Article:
“New allegations, of a different nature, were put to us on Thursday, and in addition to our own enquiries we have also been in touch with external authorities, in line with our protocols.

“I can also confirm that we have suspended a member of staff.”

He added: “By law, individuals are entitled to a reasonable expectation of privacy, which is making this situation more complex. I also want to be very clear that I am wholly condemning the unsubstantiated rumours being made on the internet about some of our presenting talent.

“We are in contact with the family referenced in the media reports. I want to assure you that we are working rapidly to establish the facts and to ensure that these matters are handled fairly and with care, including by external authorities where appropriate.”

Victoria Atkins, the financial secretary to the Treasury, told Sky’s Sophy Ridge On Sunday programme: “These are very, very serious allegations and the BBC have said they have processes in place.

But as public attention and concern grows the BBC is going to have to act very swiftly to deal with these allegations and to set out what they are doing to investigate them.”

Shadow chancellor Rachel Reeves urged the broadcasters to “speed up their processes” in investigating such allegations.

The Labour MP told the BBC’s Sunday With Laura Kuenssberg: “I do feel that I often come on this programme and we do start with another crisis at the BBC.

“The BBC do need to speed up their processes, it looks like these issues were raised in May, we’re now in July and the presenter stayed on air.

“That’s not good enough so the BBC need to get their house in order and give greater clarity to what on earth has gone on in this case and what they are trying to do to put it right.”

Former home secretary Priti Patel said the BBC’s response has been “derisory”.

“They must provide the victim and his family a full and transparent investigation,” she said.

“The BBC, which is funded by licence fee-payers, has become a faceless and unaccountable organisation.”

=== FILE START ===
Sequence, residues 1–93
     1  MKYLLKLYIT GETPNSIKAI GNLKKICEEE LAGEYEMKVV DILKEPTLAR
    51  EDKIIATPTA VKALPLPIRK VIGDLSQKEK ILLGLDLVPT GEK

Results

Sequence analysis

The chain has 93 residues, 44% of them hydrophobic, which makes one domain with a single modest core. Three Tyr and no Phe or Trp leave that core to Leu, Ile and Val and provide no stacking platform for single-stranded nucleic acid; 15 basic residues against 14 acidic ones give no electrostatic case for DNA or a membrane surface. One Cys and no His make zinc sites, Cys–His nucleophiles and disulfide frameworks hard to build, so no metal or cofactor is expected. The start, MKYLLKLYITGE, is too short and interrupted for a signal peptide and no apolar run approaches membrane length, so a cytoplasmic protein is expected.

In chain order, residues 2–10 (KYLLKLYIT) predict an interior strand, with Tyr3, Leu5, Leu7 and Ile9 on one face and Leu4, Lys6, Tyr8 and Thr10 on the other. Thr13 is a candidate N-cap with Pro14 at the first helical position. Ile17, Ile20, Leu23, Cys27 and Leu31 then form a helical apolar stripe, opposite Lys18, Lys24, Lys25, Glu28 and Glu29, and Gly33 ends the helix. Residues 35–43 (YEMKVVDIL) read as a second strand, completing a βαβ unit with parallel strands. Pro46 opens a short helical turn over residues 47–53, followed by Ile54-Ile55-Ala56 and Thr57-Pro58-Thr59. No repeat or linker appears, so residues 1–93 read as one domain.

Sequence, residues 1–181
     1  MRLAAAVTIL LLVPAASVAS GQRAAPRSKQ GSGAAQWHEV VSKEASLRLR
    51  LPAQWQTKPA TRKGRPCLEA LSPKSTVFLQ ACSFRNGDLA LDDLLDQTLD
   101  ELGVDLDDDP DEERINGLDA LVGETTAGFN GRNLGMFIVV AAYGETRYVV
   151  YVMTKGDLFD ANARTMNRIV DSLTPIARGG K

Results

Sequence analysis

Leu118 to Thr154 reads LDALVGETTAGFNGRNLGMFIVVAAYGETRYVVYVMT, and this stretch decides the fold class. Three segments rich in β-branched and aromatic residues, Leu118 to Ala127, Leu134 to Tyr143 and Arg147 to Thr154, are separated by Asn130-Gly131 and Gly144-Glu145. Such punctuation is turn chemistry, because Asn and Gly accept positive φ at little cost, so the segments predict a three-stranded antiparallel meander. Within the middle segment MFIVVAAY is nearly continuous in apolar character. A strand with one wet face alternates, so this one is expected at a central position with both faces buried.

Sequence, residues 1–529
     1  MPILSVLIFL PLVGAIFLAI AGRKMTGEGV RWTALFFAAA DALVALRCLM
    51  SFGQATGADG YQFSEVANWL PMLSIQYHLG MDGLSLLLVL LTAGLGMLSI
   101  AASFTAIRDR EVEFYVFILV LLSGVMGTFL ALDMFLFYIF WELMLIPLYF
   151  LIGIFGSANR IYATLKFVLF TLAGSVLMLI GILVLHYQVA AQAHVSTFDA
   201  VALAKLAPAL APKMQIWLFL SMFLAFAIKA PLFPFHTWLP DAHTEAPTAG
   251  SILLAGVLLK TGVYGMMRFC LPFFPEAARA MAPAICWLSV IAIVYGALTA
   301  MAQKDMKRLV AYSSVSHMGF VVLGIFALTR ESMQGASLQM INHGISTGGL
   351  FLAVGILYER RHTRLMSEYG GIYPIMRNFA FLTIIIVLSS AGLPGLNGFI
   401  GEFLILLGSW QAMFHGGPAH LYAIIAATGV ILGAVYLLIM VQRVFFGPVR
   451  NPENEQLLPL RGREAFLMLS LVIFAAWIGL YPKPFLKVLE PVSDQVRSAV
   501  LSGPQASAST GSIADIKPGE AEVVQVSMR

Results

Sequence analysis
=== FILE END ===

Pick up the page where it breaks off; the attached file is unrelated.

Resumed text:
Media lawyer Mark Stephens said the BBC handling of the complaint had been a “shambles”, arguing it had “really dropped the ball”.

“And it does seem that they’ve also caused this to escalate, because it was the frustration with the BBC not acting that led to the family to go to the Sun newspaper,” he told Times Radio.

“And that I think is reckless, because of course what has happened is we’ve seen all this conjecture on social media.”

A number of BBC stars publicly said they were not the presenter at the centre of the allegations, amid heavy speculation about the identity on social media.

Gary Lineker tweeted: “Hate to disappoint the haters but it’s not me.”

Rylan Clark wrote: “Not sure why my name’s floating about but re that story in the Sun – that ain’t me babe. I’m currently filming a show in Italy for the BBC, so take my name out ya mouths.”

Jeremy Vine said: “Just to say I’m very much looking forward to hosting my radio show on Monday — whoever the ‘BBC Presenter’ in the news is, I have the same message for you as Rylan did earlier: it certainly ain’t me.”

Nicky Campbell suggested he had contacted police about being falsely mentioned online in connection with the story.

He tweeted a screenshot which featured the Metropolitan Police logo and the words: “Thank you for contacting the Metropolitan Police Service to report your crime.”

“I think it’s important to take a stand. There’s just too many of these people on social media. Thanks for your support friends,” he wrote.

Includes reporting by Press Association